Here in the UK, April sees the beginning of a new financial year, specifically for our personal finances and tax payments. Financial advice websites and ‘personal money’ pages of newspapers are full of advice about how we should best stash our cash to make sure we take advantage of tax breaks to save. ‘Huh. Some chance.’ You may say – and if that’s you, you’re not alone. According to the Money Advice Service, almost half of us in the UK are dealing with some kind of debt, excluding mortgages and student loans.
Disclaimer time – I’m not a qualified financial advisor and don’t pretend to be. What I’m trying to be is helpful in finding and sharing resources on this topic you may find useful.
Consultancy Willis Towers Watson’s survey of employees’ views on benefits noted a significant drop in people’s satisfaction with their financial situation – see their infographic.
Financial worries can prompt anxiety and lead to absence from work, and there’s evidence that loan repayments, low wage growth and rising costs of living are making matters worse. Whilst headlines speak about the struggles of people in the gig economy, they’re not the only ones: even those in apparently secure jobs are struggling to get by, according to research by the RSA. Their research identified a significant number of people in the UK – over 30% – who described their financial situation as ‘precarious’. Their ‘7 Portraits of Modern Work’ interactive chart is well worth a look.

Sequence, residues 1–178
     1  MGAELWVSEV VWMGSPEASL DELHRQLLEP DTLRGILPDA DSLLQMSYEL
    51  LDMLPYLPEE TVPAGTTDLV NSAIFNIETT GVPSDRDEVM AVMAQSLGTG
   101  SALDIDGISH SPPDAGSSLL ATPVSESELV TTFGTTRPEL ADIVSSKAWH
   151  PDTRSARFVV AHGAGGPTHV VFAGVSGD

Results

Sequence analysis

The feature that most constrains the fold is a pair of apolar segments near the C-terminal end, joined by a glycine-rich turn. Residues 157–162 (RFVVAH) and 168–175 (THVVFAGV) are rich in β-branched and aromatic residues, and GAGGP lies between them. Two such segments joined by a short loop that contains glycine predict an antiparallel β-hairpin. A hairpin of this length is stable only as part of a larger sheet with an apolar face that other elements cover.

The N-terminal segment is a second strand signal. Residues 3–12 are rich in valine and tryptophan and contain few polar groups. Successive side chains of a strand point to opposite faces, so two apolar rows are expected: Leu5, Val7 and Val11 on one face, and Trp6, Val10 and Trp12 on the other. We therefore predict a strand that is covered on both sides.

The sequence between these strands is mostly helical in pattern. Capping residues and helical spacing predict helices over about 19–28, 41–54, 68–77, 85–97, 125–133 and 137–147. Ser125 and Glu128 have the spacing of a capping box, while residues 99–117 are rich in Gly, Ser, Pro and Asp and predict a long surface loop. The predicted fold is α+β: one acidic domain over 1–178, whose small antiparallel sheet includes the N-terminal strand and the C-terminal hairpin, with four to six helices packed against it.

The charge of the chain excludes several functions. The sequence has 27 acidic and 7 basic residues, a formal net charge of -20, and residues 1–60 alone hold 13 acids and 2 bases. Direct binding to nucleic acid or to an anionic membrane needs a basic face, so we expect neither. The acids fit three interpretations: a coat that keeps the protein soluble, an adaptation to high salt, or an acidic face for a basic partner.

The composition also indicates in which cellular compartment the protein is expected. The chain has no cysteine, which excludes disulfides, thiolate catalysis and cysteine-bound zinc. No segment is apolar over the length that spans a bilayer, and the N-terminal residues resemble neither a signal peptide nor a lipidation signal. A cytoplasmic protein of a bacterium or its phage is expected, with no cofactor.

So some employers are now adding financial matters to their employee wellbeing provision. Lucky you if you work in such an organisation: grab with both hands any education and support you’re offered.
But if that’s not the case for you, what can you do?
- Take a Money Health Check on the government-funded Money Advice Service site.
- Use debt charity Step Change’s ‘Debt Remedy tool‘.
- The NHS has a short and simple questionnaire, ‘Are money worries affecting your health?’ They also offer advice on ‘How to cope with money worries’.
- Mind, the mental health charity clearly explains the ways in which money worries and mental health affect each other – and identifies 5 steps to take. You may also want to check out Mental Health and Money Advice.
- Want to wise up? You can do a free online ‘Managing my money’ course with The Open University via Futurelearn, or ‘You and your money’ direct with the OU.
You may also find this post useful: Mental health at work: 7 resources